High-end seniors homes prove popular with Chinese-Canadians
December 18, 2015
By Chuck Chiang, Vancouver Sun |
Rising demand for high-end seniors housing among Chinese-Canadians and Americans is breaking the cultural stereotype that all Asian seniors want to live with their children.
Vancouver-based Element Lifestyle Retirement says its Opal community in the Cambie and King Edward neighbourhood has been inundated by inquiries about the $90-million project even though construction hasn’t yet started.
“We are seeing tons of interest in Opal, and we feel bad because we have to tell them, ‘Sorry, we are not taking deposits yet,’” said Candy Ho, vice-president of Element. “I think part of it is because of the neighbourhood we are in, and it also shows (Chinese seniors) may be breaking a new barrier in the lifestyle they are choosing.”
The trend isn’t isolated. In July, Aegis Living launched the $50-million Aegis Gardens in the Seattle area, marketing its 110 units to Chinese seniors, including those in the Vancouver region. The facility features Tai-chi programs, Chinese calligraphy workshops, Mahjong game nights (in addition to bingo), and on-site Chinese chefs who prepare traditional dishes like barbecue pork buns and three-cup chicken to cater to specific tastes.
At the time of the launch, Aegis CEO Dwayne Clark said others were skeptical about the potential in the market, given cultural tendencies for Chinese seniors to stay with family. But Aegis’s first such facility built in Fremont, Calif. became one of the company’s most popular developments, which led to the one in Washington state.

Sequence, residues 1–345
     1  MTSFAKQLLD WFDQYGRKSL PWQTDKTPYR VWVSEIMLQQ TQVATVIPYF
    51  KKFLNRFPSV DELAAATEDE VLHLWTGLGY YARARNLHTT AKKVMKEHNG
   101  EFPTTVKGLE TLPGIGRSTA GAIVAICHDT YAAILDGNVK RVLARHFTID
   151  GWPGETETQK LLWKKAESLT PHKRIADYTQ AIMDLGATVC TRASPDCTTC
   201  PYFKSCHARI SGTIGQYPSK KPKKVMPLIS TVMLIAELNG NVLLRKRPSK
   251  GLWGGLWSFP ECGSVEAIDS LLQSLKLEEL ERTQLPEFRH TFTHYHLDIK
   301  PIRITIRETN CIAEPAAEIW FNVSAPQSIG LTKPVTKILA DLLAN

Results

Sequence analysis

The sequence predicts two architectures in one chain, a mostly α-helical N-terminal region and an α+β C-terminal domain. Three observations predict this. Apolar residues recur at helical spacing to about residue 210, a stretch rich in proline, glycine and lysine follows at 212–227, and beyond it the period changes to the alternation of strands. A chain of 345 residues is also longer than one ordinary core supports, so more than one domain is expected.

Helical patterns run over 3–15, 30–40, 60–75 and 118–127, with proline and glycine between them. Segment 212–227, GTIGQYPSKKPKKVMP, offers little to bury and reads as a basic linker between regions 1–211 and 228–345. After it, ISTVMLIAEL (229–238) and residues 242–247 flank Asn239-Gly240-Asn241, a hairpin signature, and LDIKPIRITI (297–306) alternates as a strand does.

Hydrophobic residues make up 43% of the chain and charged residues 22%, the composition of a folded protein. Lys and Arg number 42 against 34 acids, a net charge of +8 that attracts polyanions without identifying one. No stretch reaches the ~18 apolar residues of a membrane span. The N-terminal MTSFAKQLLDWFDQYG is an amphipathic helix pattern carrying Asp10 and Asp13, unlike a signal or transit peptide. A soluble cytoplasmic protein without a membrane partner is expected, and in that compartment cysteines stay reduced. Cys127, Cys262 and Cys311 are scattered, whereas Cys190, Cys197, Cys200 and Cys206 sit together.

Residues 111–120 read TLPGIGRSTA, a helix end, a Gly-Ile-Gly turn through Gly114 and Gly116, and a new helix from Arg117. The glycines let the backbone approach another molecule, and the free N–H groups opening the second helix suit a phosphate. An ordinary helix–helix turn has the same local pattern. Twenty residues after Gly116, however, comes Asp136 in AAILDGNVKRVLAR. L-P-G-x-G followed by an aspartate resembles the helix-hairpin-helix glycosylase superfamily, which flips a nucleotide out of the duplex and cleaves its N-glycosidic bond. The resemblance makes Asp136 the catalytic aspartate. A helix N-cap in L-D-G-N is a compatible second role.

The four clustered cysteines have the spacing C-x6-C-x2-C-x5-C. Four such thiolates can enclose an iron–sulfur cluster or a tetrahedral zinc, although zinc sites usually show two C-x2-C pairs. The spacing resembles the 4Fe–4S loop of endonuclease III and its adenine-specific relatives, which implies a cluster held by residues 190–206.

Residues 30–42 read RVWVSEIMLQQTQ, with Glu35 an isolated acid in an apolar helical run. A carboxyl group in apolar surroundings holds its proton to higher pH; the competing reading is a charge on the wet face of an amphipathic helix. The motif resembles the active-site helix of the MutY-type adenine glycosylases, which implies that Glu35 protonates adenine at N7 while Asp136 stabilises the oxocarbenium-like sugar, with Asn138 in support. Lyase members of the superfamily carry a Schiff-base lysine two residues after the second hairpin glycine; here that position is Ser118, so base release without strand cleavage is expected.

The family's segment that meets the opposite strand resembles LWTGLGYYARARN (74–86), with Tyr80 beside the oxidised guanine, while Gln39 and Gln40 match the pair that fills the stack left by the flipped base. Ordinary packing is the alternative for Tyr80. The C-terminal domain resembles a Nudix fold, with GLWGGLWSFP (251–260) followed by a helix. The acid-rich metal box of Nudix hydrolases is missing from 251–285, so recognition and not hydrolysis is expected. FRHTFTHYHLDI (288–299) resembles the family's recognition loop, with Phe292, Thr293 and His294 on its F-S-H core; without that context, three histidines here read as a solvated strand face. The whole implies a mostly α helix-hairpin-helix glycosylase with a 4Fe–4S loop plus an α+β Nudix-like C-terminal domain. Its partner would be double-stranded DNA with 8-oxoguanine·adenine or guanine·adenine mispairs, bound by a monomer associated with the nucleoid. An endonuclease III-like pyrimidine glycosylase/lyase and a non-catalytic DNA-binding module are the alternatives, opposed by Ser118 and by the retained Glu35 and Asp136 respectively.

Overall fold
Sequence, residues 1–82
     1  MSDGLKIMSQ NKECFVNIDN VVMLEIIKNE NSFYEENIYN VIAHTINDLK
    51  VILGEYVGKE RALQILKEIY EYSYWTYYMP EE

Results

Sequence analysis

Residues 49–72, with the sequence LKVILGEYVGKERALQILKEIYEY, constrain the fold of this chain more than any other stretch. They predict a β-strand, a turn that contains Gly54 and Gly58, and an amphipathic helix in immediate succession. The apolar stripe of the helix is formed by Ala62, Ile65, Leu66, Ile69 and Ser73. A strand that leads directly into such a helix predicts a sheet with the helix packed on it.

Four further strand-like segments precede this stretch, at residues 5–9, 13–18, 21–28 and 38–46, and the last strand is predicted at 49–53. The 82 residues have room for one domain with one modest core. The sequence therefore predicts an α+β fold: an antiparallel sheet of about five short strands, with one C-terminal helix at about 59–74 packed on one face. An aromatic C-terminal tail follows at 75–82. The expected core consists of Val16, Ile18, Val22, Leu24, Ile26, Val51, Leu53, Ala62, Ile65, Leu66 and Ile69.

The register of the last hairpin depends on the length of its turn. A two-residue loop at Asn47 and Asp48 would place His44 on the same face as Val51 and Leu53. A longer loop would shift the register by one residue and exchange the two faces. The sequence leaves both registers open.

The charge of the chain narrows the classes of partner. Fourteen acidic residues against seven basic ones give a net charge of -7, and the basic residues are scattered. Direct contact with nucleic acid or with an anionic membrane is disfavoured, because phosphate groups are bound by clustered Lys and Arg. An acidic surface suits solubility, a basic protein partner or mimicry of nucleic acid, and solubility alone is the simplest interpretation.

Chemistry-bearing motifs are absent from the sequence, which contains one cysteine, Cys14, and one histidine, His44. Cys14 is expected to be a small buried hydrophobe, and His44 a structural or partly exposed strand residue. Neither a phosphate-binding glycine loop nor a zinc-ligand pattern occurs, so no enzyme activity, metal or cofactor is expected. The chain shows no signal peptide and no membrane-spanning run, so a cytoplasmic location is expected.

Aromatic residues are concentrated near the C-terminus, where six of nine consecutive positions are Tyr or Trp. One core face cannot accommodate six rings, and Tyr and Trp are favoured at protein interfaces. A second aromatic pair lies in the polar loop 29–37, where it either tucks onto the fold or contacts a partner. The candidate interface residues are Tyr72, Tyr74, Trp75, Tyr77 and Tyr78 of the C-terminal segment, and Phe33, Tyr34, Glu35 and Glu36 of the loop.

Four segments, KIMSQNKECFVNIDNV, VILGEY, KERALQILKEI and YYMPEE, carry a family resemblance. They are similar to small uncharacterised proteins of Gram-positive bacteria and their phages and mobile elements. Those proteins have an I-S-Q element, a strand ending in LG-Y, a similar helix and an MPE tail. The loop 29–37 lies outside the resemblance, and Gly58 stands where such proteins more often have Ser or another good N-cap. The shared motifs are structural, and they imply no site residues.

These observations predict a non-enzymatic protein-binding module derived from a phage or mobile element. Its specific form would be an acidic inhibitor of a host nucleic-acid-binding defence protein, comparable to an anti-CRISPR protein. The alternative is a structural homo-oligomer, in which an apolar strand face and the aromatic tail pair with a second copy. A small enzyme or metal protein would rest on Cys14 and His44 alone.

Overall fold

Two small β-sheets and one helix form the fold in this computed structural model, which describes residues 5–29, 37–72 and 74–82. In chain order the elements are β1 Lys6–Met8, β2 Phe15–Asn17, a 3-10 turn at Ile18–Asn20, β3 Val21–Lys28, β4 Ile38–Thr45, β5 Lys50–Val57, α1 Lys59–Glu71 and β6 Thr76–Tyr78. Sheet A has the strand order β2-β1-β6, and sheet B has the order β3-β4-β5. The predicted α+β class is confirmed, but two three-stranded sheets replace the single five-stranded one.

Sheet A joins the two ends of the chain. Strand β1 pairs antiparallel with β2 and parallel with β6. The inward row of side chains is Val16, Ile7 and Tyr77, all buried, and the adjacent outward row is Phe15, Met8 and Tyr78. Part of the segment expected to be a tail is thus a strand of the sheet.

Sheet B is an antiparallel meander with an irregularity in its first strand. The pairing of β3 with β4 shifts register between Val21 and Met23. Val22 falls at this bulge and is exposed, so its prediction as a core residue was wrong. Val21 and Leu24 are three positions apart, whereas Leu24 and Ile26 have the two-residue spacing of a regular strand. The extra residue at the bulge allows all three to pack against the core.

Traditionally, Chinese culture emphasizes the elderly staying in the same household as their adult children. Multiple generations living under the same roof is often seen as the ultimate symbol of the Confucianist ideal of filial piety.
But David Chuenyan Lai, professor emeritus of geography and an adjunct professor of Asian studies at the University of Victoria, says that stereotype is outdated.
“That’s the wrong concept,” said Lai, who has long proposed the development of “economically integrated” communities where multiple generations live, eat and shop close to one another, instead of everyone living under the same roof.
“Many Chinese families are more or less integrated into Canadian society. Some stay together in one house because of cost … but it depends not on tradition, but rather incomes and resources.”